July 26, 2010
Military Contractor's Trial: Stock and Awe
The New York Times today provides an outstanding (and appalling) example (allegedly) of misappropriation of funds, as well as outright fraud and theft. The trial of a former executive for a company that makes body armor for the U.S military provides this: $6 million in items that are claimed the executive billed back to the government
included . . . university textbooks for his daughter, pornographic videos for his son, plastic surgery for his wife, a burial plot for his mother, prostitutes for his employees, and, for him, a $100,000 American-flag belt buckle encrusted with rubies, sapphires and diamonds.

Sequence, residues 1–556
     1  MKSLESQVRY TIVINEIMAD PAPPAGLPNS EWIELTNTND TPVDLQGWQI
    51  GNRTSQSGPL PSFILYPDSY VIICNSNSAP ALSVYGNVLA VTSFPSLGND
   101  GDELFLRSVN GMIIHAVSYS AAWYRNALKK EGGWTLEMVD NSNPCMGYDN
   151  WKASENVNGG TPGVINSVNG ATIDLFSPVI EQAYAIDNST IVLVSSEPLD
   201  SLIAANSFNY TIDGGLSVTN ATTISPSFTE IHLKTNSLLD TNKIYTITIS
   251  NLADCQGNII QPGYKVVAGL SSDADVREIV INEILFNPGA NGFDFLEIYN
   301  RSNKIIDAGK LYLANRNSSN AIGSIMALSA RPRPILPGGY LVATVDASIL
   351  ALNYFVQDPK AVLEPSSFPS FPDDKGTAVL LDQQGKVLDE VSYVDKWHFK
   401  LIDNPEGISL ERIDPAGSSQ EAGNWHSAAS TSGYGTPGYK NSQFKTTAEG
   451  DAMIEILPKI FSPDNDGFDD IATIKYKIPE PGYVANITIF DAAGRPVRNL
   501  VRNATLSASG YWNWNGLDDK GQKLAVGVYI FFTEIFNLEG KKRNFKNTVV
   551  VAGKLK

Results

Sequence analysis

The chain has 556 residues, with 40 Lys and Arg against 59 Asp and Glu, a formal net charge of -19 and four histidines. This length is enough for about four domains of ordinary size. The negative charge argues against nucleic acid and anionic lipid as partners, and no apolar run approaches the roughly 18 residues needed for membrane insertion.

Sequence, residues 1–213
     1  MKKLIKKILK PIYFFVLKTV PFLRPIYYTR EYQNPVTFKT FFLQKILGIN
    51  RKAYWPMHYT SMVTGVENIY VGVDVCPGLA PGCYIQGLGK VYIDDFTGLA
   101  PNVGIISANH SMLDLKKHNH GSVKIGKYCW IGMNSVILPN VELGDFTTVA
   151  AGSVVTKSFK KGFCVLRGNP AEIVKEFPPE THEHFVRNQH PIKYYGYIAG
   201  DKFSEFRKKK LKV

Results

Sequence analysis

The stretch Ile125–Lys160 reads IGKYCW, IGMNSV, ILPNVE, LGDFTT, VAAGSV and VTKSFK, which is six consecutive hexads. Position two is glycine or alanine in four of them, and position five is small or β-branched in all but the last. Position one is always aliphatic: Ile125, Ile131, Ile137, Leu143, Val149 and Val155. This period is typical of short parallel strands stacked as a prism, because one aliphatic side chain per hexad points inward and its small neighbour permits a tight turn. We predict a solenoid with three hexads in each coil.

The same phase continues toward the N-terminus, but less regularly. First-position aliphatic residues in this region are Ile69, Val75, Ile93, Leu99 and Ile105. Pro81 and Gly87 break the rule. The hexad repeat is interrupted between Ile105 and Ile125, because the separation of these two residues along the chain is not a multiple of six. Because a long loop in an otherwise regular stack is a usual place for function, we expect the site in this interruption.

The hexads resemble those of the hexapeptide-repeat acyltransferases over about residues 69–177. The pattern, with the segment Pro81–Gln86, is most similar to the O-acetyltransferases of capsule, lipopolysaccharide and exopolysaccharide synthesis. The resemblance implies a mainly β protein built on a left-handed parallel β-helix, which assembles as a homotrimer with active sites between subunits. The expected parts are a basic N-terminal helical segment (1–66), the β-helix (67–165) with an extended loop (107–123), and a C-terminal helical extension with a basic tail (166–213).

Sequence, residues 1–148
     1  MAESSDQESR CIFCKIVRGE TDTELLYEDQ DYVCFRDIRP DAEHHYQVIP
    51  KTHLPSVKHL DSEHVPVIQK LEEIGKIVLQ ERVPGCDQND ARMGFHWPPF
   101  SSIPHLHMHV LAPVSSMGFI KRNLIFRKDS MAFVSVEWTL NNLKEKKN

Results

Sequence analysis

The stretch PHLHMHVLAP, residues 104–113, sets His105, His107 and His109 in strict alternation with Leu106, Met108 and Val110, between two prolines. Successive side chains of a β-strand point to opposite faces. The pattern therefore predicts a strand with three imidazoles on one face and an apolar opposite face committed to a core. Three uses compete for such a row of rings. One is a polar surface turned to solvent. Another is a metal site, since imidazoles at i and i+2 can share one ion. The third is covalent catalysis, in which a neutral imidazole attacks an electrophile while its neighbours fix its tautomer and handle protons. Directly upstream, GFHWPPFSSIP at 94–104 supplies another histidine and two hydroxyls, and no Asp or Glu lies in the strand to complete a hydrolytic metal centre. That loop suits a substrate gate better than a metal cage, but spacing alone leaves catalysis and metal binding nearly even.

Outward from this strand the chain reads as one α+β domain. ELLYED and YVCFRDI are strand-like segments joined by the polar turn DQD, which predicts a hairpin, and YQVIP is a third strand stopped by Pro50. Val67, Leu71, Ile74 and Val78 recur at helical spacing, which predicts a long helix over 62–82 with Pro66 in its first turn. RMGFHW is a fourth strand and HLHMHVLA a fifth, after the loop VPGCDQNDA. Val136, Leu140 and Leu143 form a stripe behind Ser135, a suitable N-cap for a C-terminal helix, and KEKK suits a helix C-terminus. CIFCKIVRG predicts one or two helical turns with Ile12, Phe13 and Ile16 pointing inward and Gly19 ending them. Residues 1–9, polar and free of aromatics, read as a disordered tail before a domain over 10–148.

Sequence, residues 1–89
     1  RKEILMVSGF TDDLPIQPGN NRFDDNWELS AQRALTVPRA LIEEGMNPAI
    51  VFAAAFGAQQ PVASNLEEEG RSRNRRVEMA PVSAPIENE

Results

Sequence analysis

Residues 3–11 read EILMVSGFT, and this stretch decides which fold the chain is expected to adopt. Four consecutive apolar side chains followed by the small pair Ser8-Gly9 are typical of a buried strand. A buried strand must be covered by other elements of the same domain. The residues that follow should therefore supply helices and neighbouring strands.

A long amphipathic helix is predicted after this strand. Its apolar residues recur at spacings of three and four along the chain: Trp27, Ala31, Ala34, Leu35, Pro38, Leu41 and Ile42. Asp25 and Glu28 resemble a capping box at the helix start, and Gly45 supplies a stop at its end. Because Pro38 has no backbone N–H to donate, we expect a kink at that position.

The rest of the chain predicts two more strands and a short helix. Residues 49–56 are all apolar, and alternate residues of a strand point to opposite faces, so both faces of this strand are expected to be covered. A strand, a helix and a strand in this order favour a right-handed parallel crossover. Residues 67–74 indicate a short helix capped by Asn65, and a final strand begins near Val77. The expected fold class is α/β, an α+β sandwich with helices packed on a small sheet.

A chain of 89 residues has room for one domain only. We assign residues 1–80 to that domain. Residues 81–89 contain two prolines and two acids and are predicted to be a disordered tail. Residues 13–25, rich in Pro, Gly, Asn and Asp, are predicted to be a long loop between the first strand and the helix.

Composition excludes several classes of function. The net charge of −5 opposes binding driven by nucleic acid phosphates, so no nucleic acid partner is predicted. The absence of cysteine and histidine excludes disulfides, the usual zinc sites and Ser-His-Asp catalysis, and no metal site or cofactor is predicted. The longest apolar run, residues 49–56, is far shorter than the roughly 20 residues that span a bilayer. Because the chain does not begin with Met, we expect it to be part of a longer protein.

My favorite part: The defendant "has not disputed that many of his personal expenses were paid for by the company, but his lawyers have maintained that the practice was authorized."
Oh, and there was this small additional claim of stock fraud that apparently earned the executive and a cohort $190 million through false claims about the company's success (followed, of course, by a price increase in the stock and a stock sale by the two executives).
This should prove interesting, and regardless of the outcome, probably offensive.
July 26, 2010 | Permalink